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Serena fined, investigation opened

Serena Williams’ profanity-laced, finger-pointing tirade at a US Open linesperson drew a $10,000 fine on Sunday, and more punishment could follow from a broader investigation.

sports Updated: Sep 15, 2009 01:10 IST

Serena Williams’ profanity-laced, finger-pointing tirade at a US Open linesperson drew a $10,000 (Rs 4,86,677) fine on Sunday, and more punishment could follow from a broader investigation into what the head of the tournament called her “threatening manner.” The fine — not quite three per cent of the $350,000 (Rs 1,70,34,498) in prize money Williams earned by reaching the semifinals — is the maximum on-site penalty that can be issued for unsportsmanlike conduct at a Grand Slam tournament.

“The average individual would look at that and say, ‘A $10,000 fine for what she did? What are you guys, crazy?’ The answer is: the process isn’t over,” tournament director Jim Curley said.

Bill Babcock, the top administrator for Grand Slam tournaments, will review what happened Saturday night, when Williams yelled at a linesperson who called a foot fault with the defending champion two points away from losing to Kim Clijsters in the semifinals.

If Babcock determines Williams committed a “major offense,” she could be fined all of her prize money from the tournament. Williams also was docked $500 (Rs Rs 24,342) for smashing her racket after the first set of the match. Because she was issued a warning then, her later actions resulted in the loss of a point.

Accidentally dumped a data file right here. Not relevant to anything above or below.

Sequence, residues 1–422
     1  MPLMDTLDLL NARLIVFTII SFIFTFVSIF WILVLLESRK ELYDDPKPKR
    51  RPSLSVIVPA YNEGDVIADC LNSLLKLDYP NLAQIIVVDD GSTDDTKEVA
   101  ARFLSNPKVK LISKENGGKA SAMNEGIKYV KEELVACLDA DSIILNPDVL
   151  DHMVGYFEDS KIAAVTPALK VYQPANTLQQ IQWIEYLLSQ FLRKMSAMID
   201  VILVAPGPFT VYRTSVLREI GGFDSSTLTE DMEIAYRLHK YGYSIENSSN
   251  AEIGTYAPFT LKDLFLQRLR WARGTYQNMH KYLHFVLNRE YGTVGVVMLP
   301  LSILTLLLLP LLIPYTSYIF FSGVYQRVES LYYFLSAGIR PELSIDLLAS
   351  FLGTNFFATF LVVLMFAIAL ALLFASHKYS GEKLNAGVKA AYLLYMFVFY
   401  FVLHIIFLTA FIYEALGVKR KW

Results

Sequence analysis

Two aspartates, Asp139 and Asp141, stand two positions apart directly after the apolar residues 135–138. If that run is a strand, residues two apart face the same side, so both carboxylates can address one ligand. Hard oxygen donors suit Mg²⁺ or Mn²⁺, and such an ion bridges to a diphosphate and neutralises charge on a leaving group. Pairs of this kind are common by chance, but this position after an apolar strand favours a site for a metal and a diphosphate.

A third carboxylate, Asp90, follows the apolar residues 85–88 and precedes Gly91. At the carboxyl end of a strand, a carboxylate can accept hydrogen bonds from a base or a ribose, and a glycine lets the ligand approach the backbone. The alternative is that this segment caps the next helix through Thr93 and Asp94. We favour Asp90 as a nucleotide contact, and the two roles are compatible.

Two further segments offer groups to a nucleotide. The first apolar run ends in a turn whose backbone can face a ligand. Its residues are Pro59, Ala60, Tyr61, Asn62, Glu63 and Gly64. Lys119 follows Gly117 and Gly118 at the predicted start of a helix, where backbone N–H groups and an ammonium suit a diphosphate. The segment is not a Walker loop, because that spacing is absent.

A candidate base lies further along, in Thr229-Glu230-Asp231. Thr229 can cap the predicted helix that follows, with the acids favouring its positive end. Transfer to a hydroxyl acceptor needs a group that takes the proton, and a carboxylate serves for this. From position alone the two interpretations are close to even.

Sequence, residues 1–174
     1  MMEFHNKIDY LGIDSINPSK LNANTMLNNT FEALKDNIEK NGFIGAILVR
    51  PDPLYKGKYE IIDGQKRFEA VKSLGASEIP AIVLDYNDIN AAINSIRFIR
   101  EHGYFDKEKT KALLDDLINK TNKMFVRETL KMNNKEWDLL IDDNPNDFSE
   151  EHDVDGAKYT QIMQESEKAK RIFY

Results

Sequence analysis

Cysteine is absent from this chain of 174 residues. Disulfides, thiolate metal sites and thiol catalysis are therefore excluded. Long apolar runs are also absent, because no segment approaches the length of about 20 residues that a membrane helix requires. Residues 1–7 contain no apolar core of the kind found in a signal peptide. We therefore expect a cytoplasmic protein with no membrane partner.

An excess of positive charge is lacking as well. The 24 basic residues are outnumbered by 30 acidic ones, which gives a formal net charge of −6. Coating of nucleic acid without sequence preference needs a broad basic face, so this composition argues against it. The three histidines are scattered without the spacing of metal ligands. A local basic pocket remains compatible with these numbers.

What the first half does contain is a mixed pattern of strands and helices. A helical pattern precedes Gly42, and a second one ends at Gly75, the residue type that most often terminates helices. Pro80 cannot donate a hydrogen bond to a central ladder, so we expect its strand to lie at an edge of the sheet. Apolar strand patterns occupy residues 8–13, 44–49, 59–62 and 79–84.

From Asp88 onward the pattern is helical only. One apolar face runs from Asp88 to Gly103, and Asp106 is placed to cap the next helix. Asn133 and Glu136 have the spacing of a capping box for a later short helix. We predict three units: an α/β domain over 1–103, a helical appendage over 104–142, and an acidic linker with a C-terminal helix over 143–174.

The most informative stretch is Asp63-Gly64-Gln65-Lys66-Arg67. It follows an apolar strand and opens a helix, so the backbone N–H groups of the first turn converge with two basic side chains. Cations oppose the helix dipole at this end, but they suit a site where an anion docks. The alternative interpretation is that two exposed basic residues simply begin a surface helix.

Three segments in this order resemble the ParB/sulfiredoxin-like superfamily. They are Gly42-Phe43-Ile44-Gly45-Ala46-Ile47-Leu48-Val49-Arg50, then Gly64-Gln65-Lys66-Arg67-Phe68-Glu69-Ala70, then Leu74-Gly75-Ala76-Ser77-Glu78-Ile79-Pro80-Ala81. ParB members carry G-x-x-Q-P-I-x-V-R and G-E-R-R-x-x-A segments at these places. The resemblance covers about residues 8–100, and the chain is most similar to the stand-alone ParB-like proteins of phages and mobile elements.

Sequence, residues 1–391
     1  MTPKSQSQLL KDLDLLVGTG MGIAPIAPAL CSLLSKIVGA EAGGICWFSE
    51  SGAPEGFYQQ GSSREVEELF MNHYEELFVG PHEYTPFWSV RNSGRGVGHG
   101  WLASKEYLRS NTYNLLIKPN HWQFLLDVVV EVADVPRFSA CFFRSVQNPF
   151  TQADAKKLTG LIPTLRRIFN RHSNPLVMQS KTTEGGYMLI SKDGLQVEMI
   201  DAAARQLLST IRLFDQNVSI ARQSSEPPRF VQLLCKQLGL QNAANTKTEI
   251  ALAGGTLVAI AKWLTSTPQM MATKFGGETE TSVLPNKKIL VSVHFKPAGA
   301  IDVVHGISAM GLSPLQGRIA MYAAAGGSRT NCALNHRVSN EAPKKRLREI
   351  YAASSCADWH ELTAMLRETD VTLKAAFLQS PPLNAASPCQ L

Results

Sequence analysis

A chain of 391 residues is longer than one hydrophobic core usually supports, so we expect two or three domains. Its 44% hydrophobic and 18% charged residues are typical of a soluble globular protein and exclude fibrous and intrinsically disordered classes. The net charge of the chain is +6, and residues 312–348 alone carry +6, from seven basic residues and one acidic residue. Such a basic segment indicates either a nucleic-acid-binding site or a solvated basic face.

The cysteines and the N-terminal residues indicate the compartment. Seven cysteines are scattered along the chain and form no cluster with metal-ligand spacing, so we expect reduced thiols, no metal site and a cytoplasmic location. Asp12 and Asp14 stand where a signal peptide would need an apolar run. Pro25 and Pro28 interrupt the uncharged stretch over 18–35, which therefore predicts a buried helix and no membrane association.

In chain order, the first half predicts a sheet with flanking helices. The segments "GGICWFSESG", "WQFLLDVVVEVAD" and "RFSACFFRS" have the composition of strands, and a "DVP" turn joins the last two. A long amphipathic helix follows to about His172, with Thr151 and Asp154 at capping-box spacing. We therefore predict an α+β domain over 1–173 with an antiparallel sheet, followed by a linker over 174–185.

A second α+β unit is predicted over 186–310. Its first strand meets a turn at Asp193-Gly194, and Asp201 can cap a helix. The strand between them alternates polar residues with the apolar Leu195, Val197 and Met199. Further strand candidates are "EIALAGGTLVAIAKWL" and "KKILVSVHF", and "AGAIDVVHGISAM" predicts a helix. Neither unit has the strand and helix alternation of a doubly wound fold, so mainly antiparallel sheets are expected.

The foot fault resulted in a double-fault, which moved Clijsters one point from victory. Williams then was penalized a point for her outburst; because it happened to come on match point, it ended the semifinal with Clijsters ahead 6-4, 7-5.

Clijsters won the final Sunday by beating Caroline Wozniacki 7-5, 6-3.

Serena apologises

Serena Williams apologised on Monday for the abusive and threatening tirade she launched at a line judge in a semi-final loss to Kim Clijsters at the US Open on Saturday.

One day after issuing a statement in which she pointedly did not offer apologies to the line judge, the 11-time Grand Slam champion offered up an amendment to her comments with another statement, this one an apology to many.

“I want to amend my press statement of yesterday and want to make it clear as possible — I want to sincerely apologize first to the lineswoman, Kim Clijsters, the US Tennis Association and mostly tennis fans everywhere for my inappropriate outburst,” Williams said.

“I’m a woman of great pride, faith and integrity and I admit when I’m wrong. I need to make it clear to all young people that I handled myself inappropriately and it’s not the way to act — win or lose, good call or bad call in any sport, in any manner.